Few respondents are unfamiliar with the concept. Only 7% report that they “haven’t seen or heard of anything resembling big data analytics.”
Most users surveyed don’t have a name for big data analytics. Even so, they understand the definition (65% of respondents).
Roughly a quarter of respondents have a name for big data analytics. Twenty-eight percent both understand the concept and have named it.
Most of the survey respondents who report having a name for big data analytics typed the name they use into the survey software. The name entered most often is the term used in this report: “big data analytics” (18% in Figure 3). Similar terms appeared, such as large-volume or large-data-set analytics (7%). Many use the popular term advanced analytics (12%), or they simply call it analytics (12%). A few common terms were entered, such as data warehousing (4%), data mining (2%), and predictive analytics (2%). A whopping 43% entered a unique name, showing that names for analytic methods are amazingly diverse.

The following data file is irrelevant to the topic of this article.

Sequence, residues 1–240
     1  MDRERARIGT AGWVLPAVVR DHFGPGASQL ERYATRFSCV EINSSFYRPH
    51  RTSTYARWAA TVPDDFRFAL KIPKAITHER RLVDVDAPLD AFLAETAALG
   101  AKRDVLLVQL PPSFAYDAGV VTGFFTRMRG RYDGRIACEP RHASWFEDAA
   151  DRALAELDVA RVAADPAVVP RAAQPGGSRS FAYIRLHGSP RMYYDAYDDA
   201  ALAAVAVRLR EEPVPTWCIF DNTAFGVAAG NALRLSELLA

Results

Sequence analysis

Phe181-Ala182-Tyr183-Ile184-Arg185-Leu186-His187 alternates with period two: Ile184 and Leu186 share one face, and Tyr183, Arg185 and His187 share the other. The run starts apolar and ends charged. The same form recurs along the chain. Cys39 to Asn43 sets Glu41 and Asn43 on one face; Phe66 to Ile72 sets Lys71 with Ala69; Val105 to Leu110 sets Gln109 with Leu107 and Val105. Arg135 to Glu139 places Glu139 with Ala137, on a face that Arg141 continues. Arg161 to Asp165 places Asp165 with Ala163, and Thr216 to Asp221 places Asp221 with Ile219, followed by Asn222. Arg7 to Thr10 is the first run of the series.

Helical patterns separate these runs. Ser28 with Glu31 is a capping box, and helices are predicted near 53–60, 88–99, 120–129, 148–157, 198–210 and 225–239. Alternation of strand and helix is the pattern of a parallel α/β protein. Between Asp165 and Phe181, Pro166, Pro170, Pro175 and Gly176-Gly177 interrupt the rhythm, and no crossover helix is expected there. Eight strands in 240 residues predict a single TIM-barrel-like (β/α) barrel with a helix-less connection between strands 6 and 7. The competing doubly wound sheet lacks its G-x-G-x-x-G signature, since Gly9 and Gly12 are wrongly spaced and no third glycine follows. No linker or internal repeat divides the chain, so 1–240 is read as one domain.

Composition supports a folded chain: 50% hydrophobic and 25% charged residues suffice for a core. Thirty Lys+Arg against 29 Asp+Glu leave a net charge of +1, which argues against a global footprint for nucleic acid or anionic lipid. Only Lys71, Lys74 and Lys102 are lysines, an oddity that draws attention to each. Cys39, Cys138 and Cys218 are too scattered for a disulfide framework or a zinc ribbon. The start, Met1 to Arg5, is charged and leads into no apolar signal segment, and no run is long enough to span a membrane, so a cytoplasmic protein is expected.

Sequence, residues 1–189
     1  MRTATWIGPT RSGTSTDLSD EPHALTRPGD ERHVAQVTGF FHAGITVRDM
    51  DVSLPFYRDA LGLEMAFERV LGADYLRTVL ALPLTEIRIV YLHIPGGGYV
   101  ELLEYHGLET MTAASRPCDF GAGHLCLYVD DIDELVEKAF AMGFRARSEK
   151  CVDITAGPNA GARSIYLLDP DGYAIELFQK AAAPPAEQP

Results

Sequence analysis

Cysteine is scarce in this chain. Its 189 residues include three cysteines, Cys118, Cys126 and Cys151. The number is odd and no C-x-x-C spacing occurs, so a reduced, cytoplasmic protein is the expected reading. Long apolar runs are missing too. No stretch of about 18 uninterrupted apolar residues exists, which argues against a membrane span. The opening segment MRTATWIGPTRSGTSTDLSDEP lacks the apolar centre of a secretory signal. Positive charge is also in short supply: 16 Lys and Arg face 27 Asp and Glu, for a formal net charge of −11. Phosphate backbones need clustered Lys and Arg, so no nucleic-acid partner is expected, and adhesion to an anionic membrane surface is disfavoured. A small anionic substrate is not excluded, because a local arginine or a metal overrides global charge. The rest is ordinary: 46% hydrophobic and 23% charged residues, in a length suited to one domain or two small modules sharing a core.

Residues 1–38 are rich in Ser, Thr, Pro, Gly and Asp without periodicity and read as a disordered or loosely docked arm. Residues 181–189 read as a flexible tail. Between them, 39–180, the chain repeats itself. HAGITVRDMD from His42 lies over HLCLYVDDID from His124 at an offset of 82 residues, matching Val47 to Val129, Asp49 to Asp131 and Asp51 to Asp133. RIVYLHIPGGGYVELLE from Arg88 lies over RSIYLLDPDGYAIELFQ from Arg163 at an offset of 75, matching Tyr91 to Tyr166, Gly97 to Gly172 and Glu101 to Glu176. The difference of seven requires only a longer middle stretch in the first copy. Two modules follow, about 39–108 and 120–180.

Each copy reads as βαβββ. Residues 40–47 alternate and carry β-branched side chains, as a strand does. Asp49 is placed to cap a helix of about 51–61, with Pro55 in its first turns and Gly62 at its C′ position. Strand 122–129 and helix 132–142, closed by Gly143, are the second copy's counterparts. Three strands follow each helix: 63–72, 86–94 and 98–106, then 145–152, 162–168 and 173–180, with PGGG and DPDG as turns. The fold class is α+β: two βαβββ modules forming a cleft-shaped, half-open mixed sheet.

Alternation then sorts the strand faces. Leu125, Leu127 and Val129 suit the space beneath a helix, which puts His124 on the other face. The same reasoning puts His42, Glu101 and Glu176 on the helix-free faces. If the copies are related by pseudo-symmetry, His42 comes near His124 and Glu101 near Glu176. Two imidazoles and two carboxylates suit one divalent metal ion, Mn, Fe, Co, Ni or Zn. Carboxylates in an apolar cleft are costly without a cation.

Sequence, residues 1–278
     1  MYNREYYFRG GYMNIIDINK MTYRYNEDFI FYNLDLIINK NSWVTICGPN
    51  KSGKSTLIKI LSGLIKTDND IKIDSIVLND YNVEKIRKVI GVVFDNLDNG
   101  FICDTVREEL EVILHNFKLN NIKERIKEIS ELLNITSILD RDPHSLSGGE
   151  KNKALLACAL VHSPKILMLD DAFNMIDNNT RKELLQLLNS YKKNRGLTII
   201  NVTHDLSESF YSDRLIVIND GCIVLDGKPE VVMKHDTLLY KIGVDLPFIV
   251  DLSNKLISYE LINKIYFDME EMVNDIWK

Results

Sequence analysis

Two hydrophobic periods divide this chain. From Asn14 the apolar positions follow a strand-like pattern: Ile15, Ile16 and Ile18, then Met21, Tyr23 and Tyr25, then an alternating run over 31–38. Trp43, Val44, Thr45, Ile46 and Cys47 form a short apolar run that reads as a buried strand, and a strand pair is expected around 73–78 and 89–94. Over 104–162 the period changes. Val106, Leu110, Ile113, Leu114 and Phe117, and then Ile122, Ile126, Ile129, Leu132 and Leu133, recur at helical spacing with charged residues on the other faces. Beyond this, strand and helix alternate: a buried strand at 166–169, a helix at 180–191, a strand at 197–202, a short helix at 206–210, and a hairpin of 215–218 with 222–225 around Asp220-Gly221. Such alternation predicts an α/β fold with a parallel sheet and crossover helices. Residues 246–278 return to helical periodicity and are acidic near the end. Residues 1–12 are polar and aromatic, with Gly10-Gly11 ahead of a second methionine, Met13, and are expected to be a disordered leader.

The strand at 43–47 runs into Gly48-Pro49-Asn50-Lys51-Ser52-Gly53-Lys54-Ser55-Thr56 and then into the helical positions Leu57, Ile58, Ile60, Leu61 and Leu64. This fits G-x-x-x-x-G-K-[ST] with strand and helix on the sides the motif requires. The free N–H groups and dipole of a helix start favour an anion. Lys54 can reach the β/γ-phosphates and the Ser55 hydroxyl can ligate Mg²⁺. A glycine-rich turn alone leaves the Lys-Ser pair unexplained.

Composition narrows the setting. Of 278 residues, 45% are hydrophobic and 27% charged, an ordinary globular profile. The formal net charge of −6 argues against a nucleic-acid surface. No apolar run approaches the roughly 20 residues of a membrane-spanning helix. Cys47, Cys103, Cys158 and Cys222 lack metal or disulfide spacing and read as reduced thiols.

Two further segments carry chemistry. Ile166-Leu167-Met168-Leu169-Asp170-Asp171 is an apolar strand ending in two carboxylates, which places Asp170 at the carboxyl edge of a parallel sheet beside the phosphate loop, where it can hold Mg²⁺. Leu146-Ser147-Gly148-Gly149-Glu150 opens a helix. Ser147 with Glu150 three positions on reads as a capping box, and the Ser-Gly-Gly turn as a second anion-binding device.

Finally, a few survey respondents entered humorous but revealing terms such as honking big data, my day job, pain in the neck, and we-need-to-buy-more-hardware analytics.
Big data provides gigantic statistical samples, which enhance analytic tool results. Most tools designed for data mining or statistical analysis tend to be optimized for large data sets. In fact, the general rule is that the larger the data sample, the more accurate are the statistics and other products of the analysis. Instead of using mining and statistical tools, many users generate or hand-code complex SQL, which parses big data in search of just the right customer segment, churn profile, or excessive operational cost. The newest generation of data visualization tools and in-database analytic functions likewise operate on big data.